- Treat golf as a game and not life-or-death event – Golf is a game and games should be fun. The “golf as a game” approach doesn’t imply your child will take the game less seriously. Think of how competitive a family card game can be. You can have fun and compete simultaneously. When your junior golfer is having fun, they will learn more quickly and perform at a higher level more consistently. If you demand perfection from your child, he/ she will feel more pressure resulting in inconsistent scores. Your child should never feel that love is based on how they perform in the sport of golf. It is imperative that you help make the game of golf fun for your child in order for them to have a successful experience in the sport
- Allow their child to set goals for themselves – Sometimes parents are you more invested in the success or failure of their junior golfer than the child is themselves. These junior golfers often feel that golf is more important to you than it is to them. Some parents try to set goals and achievement standards for their child but this backfires most of the time. High parental expectations create an unbearable amount of pressure for a junior golfer. In an attempt to lessen pressure, junior golfers tend to try less hard (mentally giving up) in the sport. This creates more frustration for the parent as they see their young golfer perform well under their ability. This cycle will never end until you give your competitive junior some autonomy over their sport. If it is your child’s sport, then your child should set the goals. Let your child talk to his coach to get feedback and advice on realistic achievable goals.
- Love their junior golfer unconditionally – You are probably saying, “I already do that,” but parents often unwittingly send a negative message to their young golfer. When you are critical of your child’s performance, don’t manage your emotions effectively or withdraw from your child after a bad round of golf, he/ she may perceive that you somehow love them less or that they are being punished for poor play. It may not be the message you intend but it is the message your child hears. This damages their self-worth and self-concept and may be the most damaging thing you can do to your child. Your child should golf for the right reasons instead of for the fear of disappointing you. Your role as a parent is to build the self-esteem of your child and give them the tools to navigate adversity. If you react negatively to your child’s poor play, they will learn to do the same. Remember that golfers of every level perform best when the feel positive and believe in their abilities.
- Teach their junior golfer that failure is not final – Failure can be a gift if you learn from it.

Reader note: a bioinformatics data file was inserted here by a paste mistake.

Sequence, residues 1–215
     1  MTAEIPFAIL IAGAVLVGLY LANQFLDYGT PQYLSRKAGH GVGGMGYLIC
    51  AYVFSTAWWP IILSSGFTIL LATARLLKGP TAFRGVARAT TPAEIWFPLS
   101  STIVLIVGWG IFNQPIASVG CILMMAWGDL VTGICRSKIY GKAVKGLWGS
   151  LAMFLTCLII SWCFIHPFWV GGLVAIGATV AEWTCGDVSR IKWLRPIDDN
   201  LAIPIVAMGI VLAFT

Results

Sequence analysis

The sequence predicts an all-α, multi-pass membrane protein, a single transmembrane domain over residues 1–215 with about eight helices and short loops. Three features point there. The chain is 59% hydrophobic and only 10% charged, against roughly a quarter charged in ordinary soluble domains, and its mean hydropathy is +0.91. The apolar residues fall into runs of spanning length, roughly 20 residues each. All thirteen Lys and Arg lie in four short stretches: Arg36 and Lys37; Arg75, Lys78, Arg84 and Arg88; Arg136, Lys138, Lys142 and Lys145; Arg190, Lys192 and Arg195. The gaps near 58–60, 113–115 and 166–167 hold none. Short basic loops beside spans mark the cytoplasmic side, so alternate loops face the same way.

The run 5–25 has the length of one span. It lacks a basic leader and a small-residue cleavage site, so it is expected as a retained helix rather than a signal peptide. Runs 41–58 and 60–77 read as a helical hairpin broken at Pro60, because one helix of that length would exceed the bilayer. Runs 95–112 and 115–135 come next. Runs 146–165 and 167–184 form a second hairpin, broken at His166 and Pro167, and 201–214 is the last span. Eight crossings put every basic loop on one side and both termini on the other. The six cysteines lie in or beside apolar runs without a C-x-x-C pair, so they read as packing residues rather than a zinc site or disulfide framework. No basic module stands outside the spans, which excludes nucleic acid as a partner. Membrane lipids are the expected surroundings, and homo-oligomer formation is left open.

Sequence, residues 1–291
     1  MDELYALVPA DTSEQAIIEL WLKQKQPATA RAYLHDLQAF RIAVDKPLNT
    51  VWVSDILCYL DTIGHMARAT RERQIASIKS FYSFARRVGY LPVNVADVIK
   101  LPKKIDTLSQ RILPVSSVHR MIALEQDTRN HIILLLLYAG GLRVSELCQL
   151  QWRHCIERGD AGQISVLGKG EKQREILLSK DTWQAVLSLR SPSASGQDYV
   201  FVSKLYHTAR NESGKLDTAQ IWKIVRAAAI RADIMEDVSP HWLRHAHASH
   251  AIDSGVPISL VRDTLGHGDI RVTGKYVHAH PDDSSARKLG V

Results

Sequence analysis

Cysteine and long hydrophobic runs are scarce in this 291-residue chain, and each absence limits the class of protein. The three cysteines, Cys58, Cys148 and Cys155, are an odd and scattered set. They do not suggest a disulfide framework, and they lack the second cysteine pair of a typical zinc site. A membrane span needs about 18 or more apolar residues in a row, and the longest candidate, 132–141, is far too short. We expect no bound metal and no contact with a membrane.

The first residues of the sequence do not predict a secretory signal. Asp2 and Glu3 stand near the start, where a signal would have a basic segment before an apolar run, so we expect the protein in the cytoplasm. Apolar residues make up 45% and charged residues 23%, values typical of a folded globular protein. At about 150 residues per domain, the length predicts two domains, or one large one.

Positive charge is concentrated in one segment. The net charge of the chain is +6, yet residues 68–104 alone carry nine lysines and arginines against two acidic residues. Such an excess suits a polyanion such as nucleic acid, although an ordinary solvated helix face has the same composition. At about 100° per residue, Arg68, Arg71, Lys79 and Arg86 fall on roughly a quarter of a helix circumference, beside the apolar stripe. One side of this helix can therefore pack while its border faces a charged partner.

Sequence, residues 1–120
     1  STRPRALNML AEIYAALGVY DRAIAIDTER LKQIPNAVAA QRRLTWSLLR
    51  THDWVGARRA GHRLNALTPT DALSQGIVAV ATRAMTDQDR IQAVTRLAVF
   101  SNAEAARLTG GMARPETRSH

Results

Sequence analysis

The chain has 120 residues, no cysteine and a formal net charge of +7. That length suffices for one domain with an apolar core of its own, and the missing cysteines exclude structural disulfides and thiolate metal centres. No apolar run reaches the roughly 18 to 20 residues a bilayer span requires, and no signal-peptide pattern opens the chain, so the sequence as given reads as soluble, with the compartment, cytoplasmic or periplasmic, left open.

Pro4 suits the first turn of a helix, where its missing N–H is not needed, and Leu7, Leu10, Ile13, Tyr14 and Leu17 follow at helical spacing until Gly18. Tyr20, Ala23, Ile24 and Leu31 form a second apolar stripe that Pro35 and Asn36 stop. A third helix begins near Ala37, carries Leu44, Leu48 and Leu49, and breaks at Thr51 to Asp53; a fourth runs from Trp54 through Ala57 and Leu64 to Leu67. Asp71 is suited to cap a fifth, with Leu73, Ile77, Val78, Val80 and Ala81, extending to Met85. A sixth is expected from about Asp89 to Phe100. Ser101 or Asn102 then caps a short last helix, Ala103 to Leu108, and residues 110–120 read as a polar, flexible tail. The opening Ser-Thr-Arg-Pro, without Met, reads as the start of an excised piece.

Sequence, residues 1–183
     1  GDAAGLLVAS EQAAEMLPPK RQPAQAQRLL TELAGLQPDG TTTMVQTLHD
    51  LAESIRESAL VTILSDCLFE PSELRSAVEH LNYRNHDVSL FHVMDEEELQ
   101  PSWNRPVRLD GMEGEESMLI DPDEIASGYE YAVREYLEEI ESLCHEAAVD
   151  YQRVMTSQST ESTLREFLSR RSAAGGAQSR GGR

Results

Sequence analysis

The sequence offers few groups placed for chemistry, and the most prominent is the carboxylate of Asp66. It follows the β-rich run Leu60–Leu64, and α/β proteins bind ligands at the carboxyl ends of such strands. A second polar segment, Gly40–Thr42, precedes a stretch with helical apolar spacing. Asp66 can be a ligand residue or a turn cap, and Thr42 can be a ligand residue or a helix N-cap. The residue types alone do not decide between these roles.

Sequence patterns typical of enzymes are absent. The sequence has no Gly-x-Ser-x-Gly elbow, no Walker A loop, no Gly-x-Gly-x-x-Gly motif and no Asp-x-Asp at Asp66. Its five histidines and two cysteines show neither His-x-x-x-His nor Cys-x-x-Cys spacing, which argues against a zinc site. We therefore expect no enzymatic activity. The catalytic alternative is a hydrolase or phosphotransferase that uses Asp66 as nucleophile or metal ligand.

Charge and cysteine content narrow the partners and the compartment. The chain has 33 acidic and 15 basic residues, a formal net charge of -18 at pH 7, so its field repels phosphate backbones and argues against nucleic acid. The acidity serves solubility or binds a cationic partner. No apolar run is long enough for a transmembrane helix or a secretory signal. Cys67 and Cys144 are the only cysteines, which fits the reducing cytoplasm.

If your child can learn to fail forward, they can use mistakes to benefit future play. When your child doesn’t fear failure, he/ she will take more risks helping them to achieve more of their potential. Failure is feedback and gives you valuable information how to approach the game differently and smarter. Teaching your child to view setbacks and adversity in a positive light will help them overcome future obstacles. Adversity helps them climb rather than hold them down. Teach your child to put their performance in perspective and give them the tools to rise above challenges.
- Avoid comparing their junior golfer to siblings or other golfers – Comparisons only serve to lower the self-esteem and self-confidence of your child. Comparisons are destructive messages that tell your child that you do not think they are as good as someone else. Keep your child focused on their game and their progress. Foster the excitement of exploring their individual potential with the game of golf.
If some of these points caused you to re-think how to effectively parent your young golfer, then you have made the first step. A little change and commitment will prove to be beneficial for all involved with your competitive junior.
ACTION DRILL: Defining your Responsibilities as a Golf Parent
Your role in your competitive junior’s golf experience should be more than a chauffeur or bank teller. You need to take an active role as a golf parent in order for your child to get the most out of their sport. By knowing your responsibilities, you can optimise your role as a supportive golf parent.
- Encourage your junior golfer on a daily basis.
- Foster confidence by highlighting your child’s successes.
- Talk to your child about what he/ she wants from the game of golf.
- Provide a supportive atmosphere for achieving their goals.
- Keep and preach perspective. Golf is a small part of your competitive junior’s life.
- Help your child understand the valuable lessons golf can teach.
- Let the coach do his or her job.
- Be there for your child emotionally during difficult times.
- Be your child’s biggest fan!!!
If you want your competitive junior to improve his/ her golf game, then step up to the plate and improve your parent game.
To learn more about how you can improve your mental game performance,
take the free 4-minute mental game quiz.